Grady Easdon

Cleburne Economic Development Manager Grady Easdon discusses the city’s newest businesses during Tuesday’s Cleburne City Council meeting.

 

 

Things continue to look up in Cleburne, Economic Development Manager Grady Easdon said during Tuesday’s Cleburne City Council meeting.

“You know, it’s just a great time to be in Cleburne right now,” Easdon said.

Easdon delivered his quarterly economic update during the meeting focusing on downtown redevelopment, new businesses and housing construction.

“It’s truly exciting times for downtown Cleburne,” Easdon said. 

Decades of moribund stagnation and dilapidation have given way to rejuvenation of late thanks to city grant programs and initiative from several downtown property owners, city officials said. Much remains problematic but progress is evident.

“Cleburne’s Downtown Commercial Historic District continues to undergo a very exciting transformation,” Easdon said. “With the addition of several new businesses downtown, the district has become a great destination for shopping, dining, watching live theater and live music or just generally enjoying a variety of new nightlife entertainment options.”

New businesses added since the last quarterly report include:

• Breck & Co., a floral boutique and mercantile.

• Cleburne Floral, a new flower shop in the building formerly occupied by Cleburne Patrick’s Floral.

• Shabby Shack, a business that recently relocated downtown from Nolan River Mall.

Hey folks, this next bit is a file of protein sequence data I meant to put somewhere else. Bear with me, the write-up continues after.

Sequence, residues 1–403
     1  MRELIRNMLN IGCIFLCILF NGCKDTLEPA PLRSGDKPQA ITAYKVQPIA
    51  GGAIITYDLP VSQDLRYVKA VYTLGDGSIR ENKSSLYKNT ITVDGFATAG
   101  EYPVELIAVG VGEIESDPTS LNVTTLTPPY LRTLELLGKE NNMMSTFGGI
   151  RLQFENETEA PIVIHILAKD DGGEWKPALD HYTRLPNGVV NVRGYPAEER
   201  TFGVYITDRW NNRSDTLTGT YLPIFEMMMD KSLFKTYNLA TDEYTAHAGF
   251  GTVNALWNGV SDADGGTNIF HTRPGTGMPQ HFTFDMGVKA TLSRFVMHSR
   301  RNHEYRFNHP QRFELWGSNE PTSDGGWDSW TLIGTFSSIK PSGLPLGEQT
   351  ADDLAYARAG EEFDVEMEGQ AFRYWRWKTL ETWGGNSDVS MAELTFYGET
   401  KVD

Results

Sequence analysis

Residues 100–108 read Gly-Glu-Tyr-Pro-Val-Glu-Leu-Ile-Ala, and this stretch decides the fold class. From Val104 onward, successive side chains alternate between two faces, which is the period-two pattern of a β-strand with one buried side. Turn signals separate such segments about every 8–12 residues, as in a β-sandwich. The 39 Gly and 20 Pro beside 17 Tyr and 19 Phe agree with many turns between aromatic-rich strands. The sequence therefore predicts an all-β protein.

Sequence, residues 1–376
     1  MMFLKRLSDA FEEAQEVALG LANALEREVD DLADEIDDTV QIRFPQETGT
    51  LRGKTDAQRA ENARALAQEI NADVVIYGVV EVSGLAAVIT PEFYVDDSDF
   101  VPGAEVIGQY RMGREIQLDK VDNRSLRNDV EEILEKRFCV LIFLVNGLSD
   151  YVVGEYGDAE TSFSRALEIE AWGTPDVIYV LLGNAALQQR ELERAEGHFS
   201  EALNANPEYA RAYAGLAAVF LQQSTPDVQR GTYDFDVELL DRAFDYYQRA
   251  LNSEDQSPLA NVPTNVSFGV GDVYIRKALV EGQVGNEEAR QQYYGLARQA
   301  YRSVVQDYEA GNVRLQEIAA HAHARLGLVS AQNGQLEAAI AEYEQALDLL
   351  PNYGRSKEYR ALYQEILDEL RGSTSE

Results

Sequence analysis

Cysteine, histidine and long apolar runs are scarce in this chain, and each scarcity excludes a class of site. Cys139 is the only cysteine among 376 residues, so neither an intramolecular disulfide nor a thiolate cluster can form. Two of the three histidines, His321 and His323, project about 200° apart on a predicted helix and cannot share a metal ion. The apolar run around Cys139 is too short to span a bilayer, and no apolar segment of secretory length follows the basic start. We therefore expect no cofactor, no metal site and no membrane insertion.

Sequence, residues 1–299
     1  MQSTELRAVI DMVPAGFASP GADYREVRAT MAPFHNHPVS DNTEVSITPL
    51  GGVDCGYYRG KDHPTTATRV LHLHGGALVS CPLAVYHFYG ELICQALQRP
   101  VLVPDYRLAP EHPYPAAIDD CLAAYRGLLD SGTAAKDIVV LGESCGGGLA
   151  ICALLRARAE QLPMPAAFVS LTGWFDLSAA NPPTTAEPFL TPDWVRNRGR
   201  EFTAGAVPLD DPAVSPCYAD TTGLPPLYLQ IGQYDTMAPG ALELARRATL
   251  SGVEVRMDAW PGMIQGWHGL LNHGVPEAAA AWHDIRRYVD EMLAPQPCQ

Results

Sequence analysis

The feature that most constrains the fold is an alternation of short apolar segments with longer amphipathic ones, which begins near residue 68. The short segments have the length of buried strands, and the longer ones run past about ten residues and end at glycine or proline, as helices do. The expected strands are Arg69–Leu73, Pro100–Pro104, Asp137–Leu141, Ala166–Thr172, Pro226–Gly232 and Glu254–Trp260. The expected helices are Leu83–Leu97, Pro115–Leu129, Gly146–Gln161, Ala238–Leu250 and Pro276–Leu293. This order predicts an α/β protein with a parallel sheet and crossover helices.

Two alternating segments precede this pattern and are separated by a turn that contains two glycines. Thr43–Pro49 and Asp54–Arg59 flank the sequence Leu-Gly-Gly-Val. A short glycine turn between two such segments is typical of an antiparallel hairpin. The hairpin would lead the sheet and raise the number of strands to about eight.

• Black Sheep Baa & Grill, which offers food and nightlife.

• Scott’s Photography and Graphics.

More is on the way including:

• Mug On the Square, a gourmet coffee shop.

• Wonderland Dance Academy.

• Central Station Toys.

• Miss Minnie’s Mercantile.

“We continue to draw a lot of interest from new investors considering historic downtown buildings for mixed use such as retail, lofts and office space,” Easdon said.

Commercial and industrial development remains robust as well.

Cleburne has issued 10 new commercial building permits through July representing about $6.9 million in value.

“That’s compared with three permits for a value of $528,500 during the same period in 2018,” Easdon said.

Two industrial permits have been issued as of July totalling $229,974 versus zero permits through the same time frame last year.

“We continue to field numerous request for information on available land parcels for the development of retail, commercial and multi-family projects,” Easdon said.

New residential permits issued through July total 128 compared to 66 for the same period in 2018.

More encouraging is that the new home building continues to occur all over the city, Easdon said.

“Through the month of July, we have already surpassed the 2018 total for single-family new homes permits issued for 2019,” Easdon said.

Easdon referenced several development projects ongoing ranging from 16 to 51 new homes and noted that many of those homes have already sold.

More is on the horizon in that respect as well. The Villages at Mayfield, a planned development near Santa Fe Elementary in the city’s east side calls for 220 homes. Planned north of West Henderson Street is GSF Gossett Farms, a 246-lot subdivision.

Silo Mills, which occupies part of Cleburne and Burleson’s extra territorial jurisdictions calls for 2,000 new homes, about 900 of which will be in Cleburne’s ETJ.

“It’s exciting to see the plans for quality growth come to fruition,” Mayor Scott Cain said. “The plan from the beginning was to expand the tax base so that over time we could catch up on long deferred maintenance and begin lowering the tax rate. 

“My hope is that  as we grow, we will be able to maintain the character that makes Cleburne special.”

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